1. Aadhaar Mobile link: Are you getting alerts about this? Find out what you must do

Aadhaar Mobile link: Are you getting alerts about this? Find out what you must do

Aadhaar Mobile link: Are you receiving messages from your telecom operators threatening to disconnect cellphone connections if you fail to link your Aadhaar card number to it?

By: | New Delhi | Updated: September 25, 2017 12:33 PM
aadhaar mobile link, aadhaar card sc order, supreme court, mobile number link aadhaar, adhaar card, uidai Aadhaar Mobile link: Are you receiving messages from your telecom operators threatening to disconnect cellphone connections if you fail to link your Aadhaar card number to it? (IE image)

Aadhaar Mobile link: Are you receiving messages from your telecom operators threatening to disconnect cellphone connections if you fail to link your Aadhaar card number to it? If you are then don’t worry, the circular released by Department of Telecommunications (DOT) seeking Aadhaar mobile linking has no legal force, according to Indian Express report. This re-verification requires a user to visit a telecom service centre, undergo biometric authentication by putting their fingerprints on an authentication device. After doing this, one should hope that the details in the Aadhaar database must match with their cellular connection.

The circulars cited stray sentences from a dismissal order in February of a public interest petition in the Supreme Court titled as Lokniti Foundation v. the Union of India.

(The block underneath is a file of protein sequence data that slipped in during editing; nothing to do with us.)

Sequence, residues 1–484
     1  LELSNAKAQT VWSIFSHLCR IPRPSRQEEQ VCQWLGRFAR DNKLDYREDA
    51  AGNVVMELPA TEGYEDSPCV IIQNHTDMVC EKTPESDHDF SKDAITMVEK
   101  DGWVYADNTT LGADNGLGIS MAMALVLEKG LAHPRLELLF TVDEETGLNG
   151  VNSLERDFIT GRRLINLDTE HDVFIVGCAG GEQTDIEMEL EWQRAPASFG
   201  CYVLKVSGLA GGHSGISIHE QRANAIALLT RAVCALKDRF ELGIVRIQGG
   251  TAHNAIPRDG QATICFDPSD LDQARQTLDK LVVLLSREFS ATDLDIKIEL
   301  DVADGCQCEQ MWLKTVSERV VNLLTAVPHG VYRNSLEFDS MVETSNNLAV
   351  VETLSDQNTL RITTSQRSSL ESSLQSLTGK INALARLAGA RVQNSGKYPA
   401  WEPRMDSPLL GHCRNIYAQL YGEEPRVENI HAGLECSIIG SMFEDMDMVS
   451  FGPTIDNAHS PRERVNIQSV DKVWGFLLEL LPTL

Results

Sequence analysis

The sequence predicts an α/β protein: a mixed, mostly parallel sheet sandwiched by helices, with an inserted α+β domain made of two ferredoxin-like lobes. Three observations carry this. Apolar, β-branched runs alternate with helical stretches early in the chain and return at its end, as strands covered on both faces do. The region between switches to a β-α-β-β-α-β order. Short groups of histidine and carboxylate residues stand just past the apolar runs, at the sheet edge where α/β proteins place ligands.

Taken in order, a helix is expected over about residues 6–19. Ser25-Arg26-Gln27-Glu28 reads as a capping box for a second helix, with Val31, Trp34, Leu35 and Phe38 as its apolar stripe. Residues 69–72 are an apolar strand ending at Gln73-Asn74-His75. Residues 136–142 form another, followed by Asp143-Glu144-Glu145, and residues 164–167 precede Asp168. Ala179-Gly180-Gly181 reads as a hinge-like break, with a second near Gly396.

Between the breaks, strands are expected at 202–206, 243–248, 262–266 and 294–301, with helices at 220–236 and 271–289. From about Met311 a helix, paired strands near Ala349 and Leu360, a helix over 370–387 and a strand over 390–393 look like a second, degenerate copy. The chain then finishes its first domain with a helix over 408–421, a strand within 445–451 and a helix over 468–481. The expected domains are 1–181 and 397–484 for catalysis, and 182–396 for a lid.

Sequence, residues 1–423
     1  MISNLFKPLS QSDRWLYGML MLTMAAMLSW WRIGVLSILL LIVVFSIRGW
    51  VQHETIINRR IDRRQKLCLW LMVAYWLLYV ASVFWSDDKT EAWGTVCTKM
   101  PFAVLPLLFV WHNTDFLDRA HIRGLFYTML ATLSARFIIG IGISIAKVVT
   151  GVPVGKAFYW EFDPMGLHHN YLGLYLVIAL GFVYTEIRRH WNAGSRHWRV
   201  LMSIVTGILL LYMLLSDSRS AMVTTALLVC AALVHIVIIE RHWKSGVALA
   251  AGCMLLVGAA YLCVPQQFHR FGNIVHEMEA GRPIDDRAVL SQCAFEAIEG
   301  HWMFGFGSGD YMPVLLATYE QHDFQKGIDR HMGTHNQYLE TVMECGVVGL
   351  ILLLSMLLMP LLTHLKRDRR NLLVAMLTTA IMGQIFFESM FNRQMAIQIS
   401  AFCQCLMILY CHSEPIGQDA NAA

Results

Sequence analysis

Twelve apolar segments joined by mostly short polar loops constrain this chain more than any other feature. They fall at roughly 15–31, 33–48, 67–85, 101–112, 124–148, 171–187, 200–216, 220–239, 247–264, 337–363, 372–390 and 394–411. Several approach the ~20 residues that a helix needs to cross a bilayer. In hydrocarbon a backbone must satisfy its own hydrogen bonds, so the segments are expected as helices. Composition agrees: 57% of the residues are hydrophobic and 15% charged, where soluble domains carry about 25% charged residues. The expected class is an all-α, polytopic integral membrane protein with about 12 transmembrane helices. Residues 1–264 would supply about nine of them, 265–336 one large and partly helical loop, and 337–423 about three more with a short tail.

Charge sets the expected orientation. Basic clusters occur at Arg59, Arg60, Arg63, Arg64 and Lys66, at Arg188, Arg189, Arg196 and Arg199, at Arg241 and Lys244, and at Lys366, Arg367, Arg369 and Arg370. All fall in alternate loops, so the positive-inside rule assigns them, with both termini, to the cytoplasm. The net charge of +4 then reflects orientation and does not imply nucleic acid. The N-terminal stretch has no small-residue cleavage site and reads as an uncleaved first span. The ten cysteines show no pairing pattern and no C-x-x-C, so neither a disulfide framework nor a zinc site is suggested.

For a variety of reasons, this does not amount to a “direction” to the government as claimed in the DOT circular. First, the basis of the order and the references to Aadhaar emerges from a counter-affidavit filed by the government in the Lokniti case. Rather than volunteering information on the pre-existing court orders that limit the Aadhaar programme to a voluntary service restricted to specific services, the government instead advocates its use for re-verification. Second, the SC nowhere uses the phrase, “direction” which is a term of art contained in court orders to impart a binding force.

On August 24, in a landmark decision that will affect the lives of all Indians, the Supreme Court had unanimously declared that right to privacy was a Fundamental right under the Constitution. A nine-judge Constitution bench headed by Chief Justice J S Khehar ruled that “right to privacy is an intrinsic part of Right to Life and Personal Liberty under Article 21 and entire Part III of the Constitution”, according to PTI report.

The ruling on the highly contentious issue was to deal with a batch of petitions challenging the Centre’s move to make Aadhaar mandatory for availing the benefits of various social welfare schemes. Others members of the bench comprising Justices J Chelameswar, S A Bobde, R K Agrawal, R F Nariman, A M Sapre, D Y Chandrachud, S K Kaul and S Abdul Nazeer also shared the same view.The nine judges unanimously overruled the two earlier judgements of the apex court that right to privacy is not protected under the Constitution. The bench overruled the M P Sharma verdict of 1950 and that of Kharak Singh of 1960. The judgement in the Kharak Singh case was pronounced by eight judges and in M P Sharma it was delivered by six judges. Justice Khehar, who read the operative portion of the judgement, said the subsequent verdicts pronounced after M P Sharma and Kharak Singh have laid down the correct position of the law.

  1. R
    Reader
    Sep 25, 2017 at 2:44 pm